Limited period No limitation period for use of the powers Events could be considered a number of years in the future through a different lens


The finer detail: key parts of draft guidance

Policy intent


The guidance covers two of the new criminal offences, namely the avoidance of employer debt and conduct risking members’ accrued scheme benefits. The potential penalty for both is up to 7 years’ imprisonment and an unlimited fine. The guidance does not appear to cover any of the other new criminal offences introduced by the Pension Schemes Act 2021, but TPR points to an existing prosecution policy from June 2016. The policy also does not cover any of the new civil offences, including the new fine of up to £1m. TPR refers to strengthening the deterrent and punishment for deliberate or reckless conduct that puts members’ savings at risk.

What is a reasonable excuse?

Three significant factors in determining a reasonable excuse for an act or failure to act

  1. Was the detrimental impact an incidental consequence as opposed to a fundamental necessary step to achieve the purpose? 
  2. How adequate was any mitigation provided to offset the detrimental impact?
  3. Was there a viable alternative route which would have avoided/reduced the detrimental impact (in the absence of sufficient mitigation)?The guidance sets out that TPR would not expect someone to follow an alternative which means unreasonably disregarding their own interests. 

Other potentially relevant factors include, the extent of communication/consultation with the trustees before the act took place, whether the notification requirements were met and the openness and timeliness of any communication with TPR.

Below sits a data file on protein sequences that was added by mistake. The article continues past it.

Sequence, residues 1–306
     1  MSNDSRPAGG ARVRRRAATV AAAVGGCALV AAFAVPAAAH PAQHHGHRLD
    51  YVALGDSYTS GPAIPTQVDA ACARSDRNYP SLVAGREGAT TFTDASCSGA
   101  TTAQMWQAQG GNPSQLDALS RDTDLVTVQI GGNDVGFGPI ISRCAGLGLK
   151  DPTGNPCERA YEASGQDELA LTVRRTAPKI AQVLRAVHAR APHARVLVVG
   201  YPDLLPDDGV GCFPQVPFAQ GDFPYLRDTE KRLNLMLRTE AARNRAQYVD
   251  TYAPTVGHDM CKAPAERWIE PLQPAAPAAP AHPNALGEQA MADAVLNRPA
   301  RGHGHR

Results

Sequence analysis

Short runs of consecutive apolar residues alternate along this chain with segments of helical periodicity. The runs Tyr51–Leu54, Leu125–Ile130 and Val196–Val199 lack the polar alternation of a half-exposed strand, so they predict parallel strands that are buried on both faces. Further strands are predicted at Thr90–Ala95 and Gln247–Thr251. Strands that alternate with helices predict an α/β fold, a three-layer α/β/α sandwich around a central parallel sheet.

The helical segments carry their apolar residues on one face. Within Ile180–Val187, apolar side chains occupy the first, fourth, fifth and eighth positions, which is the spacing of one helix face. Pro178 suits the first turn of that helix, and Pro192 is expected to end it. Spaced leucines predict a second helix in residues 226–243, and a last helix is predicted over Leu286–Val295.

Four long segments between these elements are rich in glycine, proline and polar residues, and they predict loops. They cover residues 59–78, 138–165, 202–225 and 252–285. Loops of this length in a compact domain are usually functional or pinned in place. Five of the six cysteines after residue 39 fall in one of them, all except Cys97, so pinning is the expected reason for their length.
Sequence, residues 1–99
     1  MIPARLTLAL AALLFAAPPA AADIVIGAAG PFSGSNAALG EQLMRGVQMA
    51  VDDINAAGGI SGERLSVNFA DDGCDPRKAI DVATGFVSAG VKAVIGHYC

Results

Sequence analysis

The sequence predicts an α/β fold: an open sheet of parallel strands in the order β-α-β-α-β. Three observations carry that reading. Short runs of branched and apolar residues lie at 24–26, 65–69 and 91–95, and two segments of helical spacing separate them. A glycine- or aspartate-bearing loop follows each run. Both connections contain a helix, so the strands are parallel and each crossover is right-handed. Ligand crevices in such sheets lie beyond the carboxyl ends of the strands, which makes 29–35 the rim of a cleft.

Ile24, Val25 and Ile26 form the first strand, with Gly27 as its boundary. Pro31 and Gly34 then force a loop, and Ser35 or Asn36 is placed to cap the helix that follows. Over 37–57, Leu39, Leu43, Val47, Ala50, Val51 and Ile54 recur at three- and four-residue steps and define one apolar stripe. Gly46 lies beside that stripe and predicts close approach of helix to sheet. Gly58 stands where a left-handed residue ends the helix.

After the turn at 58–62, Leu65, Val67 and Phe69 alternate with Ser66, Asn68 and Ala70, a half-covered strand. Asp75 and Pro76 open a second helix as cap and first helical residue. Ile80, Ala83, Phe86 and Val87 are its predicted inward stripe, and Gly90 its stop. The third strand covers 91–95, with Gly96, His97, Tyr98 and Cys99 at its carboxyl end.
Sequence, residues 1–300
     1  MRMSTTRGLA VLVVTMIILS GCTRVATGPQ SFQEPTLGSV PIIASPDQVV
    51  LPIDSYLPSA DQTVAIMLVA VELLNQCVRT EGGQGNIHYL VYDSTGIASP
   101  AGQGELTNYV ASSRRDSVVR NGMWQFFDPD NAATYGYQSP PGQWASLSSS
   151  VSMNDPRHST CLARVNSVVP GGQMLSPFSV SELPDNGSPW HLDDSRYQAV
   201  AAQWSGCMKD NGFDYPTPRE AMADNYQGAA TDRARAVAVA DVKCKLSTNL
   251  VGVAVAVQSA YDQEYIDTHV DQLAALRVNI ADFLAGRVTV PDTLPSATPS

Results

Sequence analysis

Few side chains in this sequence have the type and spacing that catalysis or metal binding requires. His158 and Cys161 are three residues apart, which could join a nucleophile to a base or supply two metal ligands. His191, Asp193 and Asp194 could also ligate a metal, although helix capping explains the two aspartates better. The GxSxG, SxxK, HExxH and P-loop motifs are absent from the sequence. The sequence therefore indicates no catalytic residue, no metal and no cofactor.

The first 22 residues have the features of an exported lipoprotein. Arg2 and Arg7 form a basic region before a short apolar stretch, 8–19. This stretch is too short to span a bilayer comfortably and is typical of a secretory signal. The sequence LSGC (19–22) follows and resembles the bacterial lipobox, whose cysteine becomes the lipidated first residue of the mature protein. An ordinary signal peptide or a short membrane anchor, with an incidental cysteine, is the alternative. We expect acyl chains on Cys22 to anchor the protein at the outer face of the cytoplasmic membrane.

Considerations for prosecution

Examples of when TPR would select a case for prosecution

The draft policy states that TPR will select cases for prosecution being mindful of the policy intent behind the new offences. The following examples are given:

  • Primary purpose of the conduct is the abandonment of the scheme without provision of appropriate mitigation.
  • Significant financial gains have been unreasonably made to the detriment of the scheme or some other unfairness in treatment.
  • The trustees, TPR and/or the PPF have been misled or not appropriately informed.

Considerations in deciding whether to prosecute an individual

  • Their relationship, duties, and proximity to the employer, the scheme and the act or failure to act.
  • The extent of their involvement or influence.
  • Any direct/indirect benefit(s) to the individual by reason of the act/failure to act.
  • Likely a person with significant making power but this does not exclude the possibility of the behaviour being carried out, helped or encouraged by others.

Material detriment

Link to existing contribution notice approach

In deciding whether there is material detriment in relation to conduct risking members’ benefits, the guidance sets out that TPR will take the same approach as when considering issuing a material detriment contribution notice. This includes taking account of existing code of practice 12 which sets out the circumstances of material detriment that TPR believes would warrant use of the powers. These are more detailed actions which may result in the outcomes example above (e.g. transferring a scheme or employer support outside of TPR’s jurisdiction).


For further information, please get in touch with Robert Wallace or speak to your usual XPS contact.